When the FAA was re-authorized in 2012, legislation demanded that the TSA quit bottlenecking the process for airports to opt for private screeners, the way that some like San Francisco International have already done. But according to the June Airport Policy News, the TSA is playing new games with the certification process to avoid any airports opting out of TSA screeners.
Not a single new contract has been approved, and procurements that were underway have been halted with the intention of ‘starting the process over later.’ Orlando Sanford airport has an approved application allowing it to bring on private screeners, it just hasn’t been allowed to contract for them.
The TSA has added a new “cost efficiency target” for which if contracts don’t hit, they won’t be awarded. Basically the TSA says they won’t let airports have private screeners unless those private screeners are cheaper than TSA screeners. Which makes sense, except:
- The TSA plays funny games with its own costs. As Airport Policy News reports,
In its 2008 study (GAO-09-27R), the agency faulted TSA’s cost comparisons for omitting the cost of overlapping TSA administrative staff at SPP airports, and failing to include TSA costs for workers’ comp, general liability insurance, and some retirement costs. Not mentioned in this report, but relevant to accurate cost comparisons, TSA also does not include the cost of using its screener flying squad (the National Deployment Force) to fill in at TSA-screened airports.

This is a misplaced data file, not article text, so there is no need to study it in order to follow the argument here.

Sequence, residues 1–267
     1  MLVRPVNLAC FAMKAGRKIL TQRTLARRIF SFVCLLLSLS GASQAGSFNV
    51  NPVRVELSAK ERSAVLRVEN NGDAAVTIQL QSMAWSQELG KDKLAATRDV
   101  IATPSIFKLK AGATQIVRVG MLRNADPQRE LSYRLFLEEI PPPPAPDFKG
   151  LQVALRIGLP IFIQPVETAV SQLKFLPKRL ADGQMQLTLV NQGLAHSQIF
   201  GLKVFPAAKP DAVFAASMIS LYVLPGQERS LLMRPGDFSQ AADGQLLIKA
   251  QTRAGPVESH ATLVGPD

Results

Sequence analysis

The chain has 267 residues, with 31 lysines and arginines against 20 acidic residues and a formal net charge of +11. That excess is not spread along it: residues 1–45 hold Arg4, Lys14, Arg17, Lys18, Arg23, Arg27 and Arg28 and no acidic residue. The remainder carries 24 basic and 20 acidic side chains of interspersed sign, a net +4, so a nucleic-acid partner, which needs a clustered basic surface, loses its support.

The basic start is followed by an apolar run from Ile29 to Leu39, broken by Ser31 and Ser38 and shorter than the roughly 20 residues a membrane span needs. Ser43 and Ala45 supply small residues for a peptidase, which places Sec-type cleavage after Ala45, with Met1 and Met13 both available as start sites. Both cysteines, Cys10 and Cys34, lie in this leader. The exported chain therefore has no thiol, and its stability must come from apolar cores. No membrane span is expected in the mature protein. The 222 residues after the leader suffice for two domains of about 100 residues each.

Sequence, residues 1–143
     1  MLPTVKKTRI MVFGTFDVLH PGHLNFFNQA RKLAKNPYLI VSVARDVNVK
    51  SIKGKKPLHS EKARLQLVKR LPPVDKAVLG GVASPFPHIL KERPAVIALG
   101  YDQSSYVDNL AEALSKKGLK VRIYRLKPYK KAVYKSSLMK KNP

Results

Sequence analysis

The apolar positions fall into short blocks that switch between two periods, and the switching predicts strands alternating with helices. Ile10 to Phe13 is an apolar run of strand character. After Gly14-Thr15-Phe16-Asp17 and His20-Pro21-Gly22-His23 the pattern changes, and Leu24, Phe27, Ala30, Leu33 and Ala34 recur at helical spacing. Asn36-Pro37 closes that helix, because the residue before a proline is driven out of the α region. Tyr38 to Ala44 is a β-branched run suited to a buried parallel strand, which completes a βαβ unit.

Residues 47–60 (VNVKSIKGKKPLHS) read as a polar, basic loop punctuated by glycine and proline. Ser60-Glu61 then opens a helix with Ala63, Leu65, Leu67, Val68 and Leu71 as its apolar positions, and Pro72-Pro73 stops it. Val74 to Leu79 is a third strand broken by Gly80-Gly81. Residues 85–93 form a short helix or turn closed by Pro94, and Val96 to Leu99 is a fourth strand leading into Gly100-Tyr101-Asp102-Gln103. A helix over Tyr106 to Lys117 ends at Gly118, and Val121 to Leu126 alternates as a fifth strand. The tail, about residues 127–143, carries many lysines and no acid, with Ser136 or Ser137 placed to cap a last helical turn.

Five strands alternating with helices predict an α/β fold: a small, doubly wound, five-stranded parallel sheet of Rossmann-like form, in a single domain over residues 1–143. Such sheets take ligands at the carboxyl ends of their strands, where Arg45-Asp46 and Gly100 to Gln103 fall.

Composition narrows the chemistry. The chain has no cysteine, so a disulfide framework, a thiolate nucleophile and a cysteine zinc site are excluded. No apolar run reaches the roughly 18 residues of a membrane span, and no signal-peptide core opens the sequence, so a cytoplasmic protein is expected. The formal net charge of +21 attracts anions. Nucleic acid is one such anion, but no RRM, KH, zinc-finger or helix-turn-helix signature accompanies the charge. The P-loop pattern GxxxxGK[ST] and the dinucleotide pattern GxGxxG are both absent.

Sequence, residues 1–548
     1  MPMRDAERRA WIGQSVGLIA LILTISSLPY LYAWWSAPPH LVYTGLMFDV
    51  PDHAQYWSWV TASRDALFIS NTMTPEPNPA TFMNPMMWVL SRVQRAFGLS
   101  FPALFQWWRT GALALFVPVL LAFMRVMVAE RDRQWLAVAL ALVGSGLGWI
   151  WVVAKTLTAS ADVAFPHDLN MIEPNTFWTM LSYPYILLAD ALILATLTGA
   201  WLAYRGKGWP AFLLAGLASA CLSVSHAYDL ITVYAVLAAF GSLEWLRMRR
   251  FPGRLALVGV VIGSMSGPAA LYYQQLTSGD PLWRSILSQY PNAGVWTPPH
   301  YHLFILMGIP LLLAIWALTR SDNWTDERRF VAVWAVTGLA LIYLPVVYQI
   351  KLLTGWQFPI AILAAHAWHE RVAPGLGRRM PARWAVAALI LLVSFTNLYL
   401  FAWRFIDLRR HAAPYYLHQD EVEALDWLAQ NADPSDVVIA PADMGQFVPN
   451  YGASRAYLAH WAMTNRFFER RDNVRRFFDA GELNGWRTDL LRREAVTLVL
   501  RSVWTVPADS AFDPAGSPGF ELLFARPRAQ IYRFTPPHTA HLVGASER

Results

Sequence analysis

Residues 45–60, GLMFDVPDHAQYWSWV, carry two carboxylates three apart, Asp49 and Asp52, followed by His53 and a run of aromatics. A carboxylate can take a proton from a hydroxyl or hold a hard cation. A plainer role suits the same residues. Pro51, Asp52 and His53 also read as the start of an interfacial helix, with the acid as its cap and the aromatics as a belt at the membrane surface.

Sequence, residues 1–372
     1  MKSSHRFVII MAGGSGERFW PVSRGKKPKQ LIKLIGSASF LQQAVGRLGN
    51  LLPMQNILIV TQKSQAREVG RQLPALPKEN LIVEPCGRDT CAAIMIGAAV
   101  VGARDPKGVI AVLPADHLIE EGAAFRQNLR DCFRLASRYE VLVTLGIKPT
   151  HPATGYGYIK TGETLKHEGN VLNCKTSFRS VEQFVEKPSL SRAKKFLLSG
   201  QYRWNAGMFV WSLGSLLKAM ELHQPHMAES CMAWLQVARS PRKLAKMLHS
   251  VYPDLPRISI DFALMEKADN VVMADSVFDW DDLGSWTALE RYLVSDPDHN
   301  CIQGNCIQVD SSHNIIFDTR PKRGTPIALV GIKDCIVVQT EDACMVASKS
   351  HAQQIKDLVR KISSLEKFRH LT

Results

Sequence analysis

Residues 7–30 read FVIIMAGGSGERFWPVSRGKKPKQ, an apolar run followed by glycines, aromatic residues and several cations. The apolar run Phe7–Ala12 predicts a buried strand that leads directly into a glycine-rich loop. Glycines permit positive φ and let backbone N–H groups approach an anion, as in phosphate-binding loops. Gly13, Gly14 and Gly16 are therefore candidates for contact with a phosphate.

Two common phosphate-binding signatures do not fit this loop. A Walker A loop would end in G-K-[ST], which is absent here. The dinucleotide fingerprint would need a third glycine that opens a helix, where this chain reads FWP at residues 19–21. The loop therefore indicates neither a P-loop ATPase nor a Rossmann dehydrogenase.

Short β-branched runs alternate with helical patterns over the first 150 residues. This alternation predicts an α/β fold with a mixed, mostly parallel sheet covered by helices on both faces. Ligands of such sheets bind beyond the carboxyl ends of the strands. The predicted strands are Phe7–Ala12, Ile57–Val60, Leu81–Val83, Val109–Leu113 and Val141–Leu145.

- The TSA requires private screeners to be paid just as much as government screeners, and don’t take private screeners’ greater efficiency into account in their comparisons. The Government Accountability Office found that despite having to pay private screeners government-level wages,
the cost per screener at SFO was 5.3% less than TSA’s cost at LAX. While that may not sound like much, when combined with much higher productivity at SFO (16,113 passengers per screener at SFO vs. 9,765 at LAX, due mostly to a good mix of part-time and full-time screeners at SFO), the overall result would be 42.6% lower screening cost at LAX if the SFO contract model were applied there
Private screeners not only have to be paid the same amount as government screeners, private screening companies have to follow TSA standards and procedures at the checkpoint. So they’re not a huge leap forward for travelers, the way that precheck is (give up information to the government in order for them sometimes restoring your right to travel the way you used to be able to).
But in areas of cost – just as in screening procedure – it’s important to hold TSA’s feet to the fire so that the imperious agency doesn’t flout the law.
To be clear, perhaps my characterization of TSA flouting the intention of Congress as illegal may be strong. The Supreme Court gives tremendous latitude (‘Chevron deference’) to agencies. They’ve even just given agencies latitude to determine the scope of their powers when statutes are ambiguous (City of Arlington v. FCC). So I’m not suggesting that the TSA would necessarily be slapped down by a final arbiter of the law.
Rather they are acting as an impediment to the private screening program, even though 2012 legislation was specifically meant to overcome their intransigence.